Activist investors and environmentalists make strange bedfellows, but both are like the hordes at the citadel gates of the oil majors.
In the US, activist investor Engine No. 1 forced at least two and possibly three directors onto the board of Exxon Mobil. In doing so, it aims to force a change in direction for the world’s largest oil company away from oil and gas and toward a lower-carbon future.
What is remarkable is Engine No. 1 drove through the imposition of new directors despite holding a mere 0.02% stake (or $54 million) in the company. It won the backing of state pension funds, like that of New York state, and asset managers such as BlackRock, Vanguard and State Street, the Financial Times reported.
Investor action was driven by chronic underperformance. That’s not just at Exxon but across the oil and gas sector, the post reports. It should be seen as the market’s growing demand for the oil business to address the challenges of the future and reposition itself for a world in which the markets demand issues seen as existential threats, like carbon emissions, are addressed in a meaningful way.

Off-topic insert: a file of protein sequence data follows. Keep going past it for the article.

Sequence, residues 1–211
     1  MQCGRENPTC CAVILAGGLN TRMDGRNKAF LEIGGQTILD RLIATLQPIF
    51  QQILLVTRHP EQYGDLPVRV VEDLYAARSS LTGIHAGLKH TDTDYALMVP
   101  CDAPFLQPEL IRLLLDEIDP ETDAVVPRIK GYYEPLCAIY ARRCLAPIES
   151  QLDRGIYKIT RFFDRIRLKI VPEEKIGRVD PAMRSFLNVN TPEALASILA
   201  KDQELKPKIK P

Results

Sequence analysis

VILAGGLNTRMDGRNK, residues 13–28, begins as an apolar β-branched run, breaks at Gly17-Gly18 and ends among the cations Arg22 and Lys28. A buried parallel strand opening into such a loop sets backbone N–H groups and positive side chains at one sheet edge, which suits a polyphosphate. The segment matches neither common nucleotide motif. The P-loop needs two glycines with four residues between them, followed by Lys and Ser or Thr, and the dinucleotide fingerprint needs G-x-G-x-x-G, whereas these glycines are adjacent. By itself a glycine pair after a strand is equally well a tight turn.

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This morning in metals news: during MetalMiner’s latest webinar Thursday, the team walked through the signs buyers should pay attention to that might indicate an end to the current state of allocation markets and metals shortages; the carbon footprint of aluminum can production in North America has plunged over the past three decades, according to a recent report; US average gasoline prices are at their highest level before Memorial Day since 2014; and the US international trade deficit declined in April.
For metals buyers, metals markets have been defined by allocation and shortages for many months. As such, the MetalMiner team walked through the signs buyers should pay attention to that may indicate those scenarios could be winding down.